Tag: Heat Bulls Game 2

Miami Heat v Chicago Bulls - Game Two

LeBron James is suddenly looking very clutch


Fair or not, deserved or not, the national narrative on LeBron James has been that he wasn’t clutch. For all the games he took over, despite some impressive endings, the perception that he quit in Game 5 against the Celtics last season seemed the dominant memory for many.

LeBron doesn’t have a ring. Kobe has a ring. Wade had a ring. That made those two more clutch in the eyes of many.

That perception should be changed now.

LeBron took over at the end of Game 2 Wednesday night, getting 9 of his points in the final four-plus minutes of the game, plus he spent a chunk of his time covering and shutting down Derrick Rose on defense. In a game where the Miami Heat had to grab defensive rebounds, he had 10 boards. In the Heat’s biggest game of the season, he played his best.

Or maybe his best was last series against Boston, when he flat out took over the end of a couple games.

Either way, the narrative is changing. Look what Adrian Wojnarowski wrote at Yahoo.

This was clutch, winning basketball out of James. As closers go, this was pure Jordan, pure heartbreak.

“That’s why we put the ball in his hands,” Dwyane Wade(notes) said. “He’s going to make the big plays.”

Clutchness gets defined in odd ways. Some great shots or missed opportunities weigh more heavily than others. It’s a matter or perception, with some eye-of-the-beholder thrown in. Tom Haberstroh of ESPN tweeted this on Wednesday.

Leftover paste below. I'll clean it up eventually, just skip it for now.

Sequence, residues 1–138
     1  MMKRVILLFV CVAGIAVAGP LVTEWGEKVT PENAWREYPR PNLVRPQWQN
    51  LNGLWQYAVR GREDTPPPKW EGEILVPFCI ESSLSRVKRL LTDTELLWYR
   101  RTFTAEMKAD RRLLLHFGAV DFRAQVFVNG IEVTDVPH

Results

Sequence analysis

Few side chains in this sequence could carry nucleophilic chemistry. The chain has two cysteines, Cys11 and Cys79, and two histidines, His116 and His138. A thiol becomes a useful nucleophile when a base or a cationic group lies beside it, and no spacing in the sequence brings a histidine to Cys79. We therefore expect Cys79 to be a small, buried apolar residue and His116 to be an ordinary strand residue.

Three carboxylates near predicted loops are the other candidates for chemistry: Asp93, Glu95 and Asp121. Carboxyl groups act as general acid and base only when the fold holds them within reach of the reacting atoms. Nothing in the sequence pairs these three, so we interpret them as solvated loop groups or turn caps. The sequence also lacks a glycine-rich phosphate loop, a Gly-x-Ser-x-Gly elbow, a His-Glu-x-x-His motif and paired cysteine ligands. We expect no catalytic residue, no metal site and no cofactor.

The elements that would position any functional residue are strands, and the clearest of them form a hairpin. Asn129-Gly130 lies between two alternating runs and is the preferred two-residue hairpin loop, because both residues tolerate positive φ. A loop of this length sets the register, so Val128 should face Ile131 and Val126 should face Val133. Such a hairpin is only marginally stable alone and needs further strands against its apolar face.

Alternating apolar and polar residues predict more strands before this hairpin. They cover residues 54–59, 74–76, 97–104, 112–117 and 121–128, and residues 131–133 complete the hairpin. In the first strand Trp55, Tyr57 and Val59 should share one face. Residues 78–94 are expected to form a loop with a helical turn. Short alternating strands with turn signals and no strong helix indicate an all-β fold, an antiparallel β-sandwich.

90% of clutch reputation can be explained by two factors: 1) Are you a shot-creator?; 2) Do you have a ring?

Coming into these playoffs, a lot of basketball fans would have said that LeBron was not clutch. He did not have that ring.

Things seem to be changing on both of those counts.

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NBA Playoffs: Udonis Haslem is back. Miami just got better.

Miami Heat's Udonis Haslem celebrates a basket against the Chicago Bulls during Game 2 of their NBA Eastern Conference Finals playoff basketball game in Chicago

When the Heat roster was in upheaval this summer, clearing out cap space to chase a three-man dream team, Udonis Haslem was a free agent. A free agent drawing interest from around the league because every team could use a forward who will do the dirty work and can bury the midrange jumper.

To show how badly they wanted to keep him, pretty much the entire Heat organization showed up for a surprise birthday party at Haslem’s place. Then to show how much they wanted him, each of the Heat’s “big three” took less money so Haslem could be signed to a fair offer.

Wednesday night you saw why.

When the rest of the Heat struggled in the third quarter, Haslem seemed to be everywhere. He shot 4-of-4 in the third quarter (as the first big off the bench) including a couple midrange jumpers, he had a blocked shot, an emphatic dunk, drew a charge and just seemed to be everywhere. After missing most of the season due to a foot injury (he was out from Nov. 20 to the Boston series), you saw how much they needed him. How much they missed him.

For one stretch of more than 11 minutes between the third and fourth quarters, Haslem was the only Heat player to score. He hit 2-of-4 from beyond 16 feet on offense and contested Derrick Rose shots at the rim on defense. He kept them in it and made the fourth quarter run and the Heat win possible.

In the first half he played more than 12 minutes, and the Bulls didn’t grab one offensive rebound in that stretch (they had six before that). He brought the toughness inside that Miami lacked in Game 1 and Zydrunis Ilgauskas is not about to bring.

Haslem changed the game, and the series.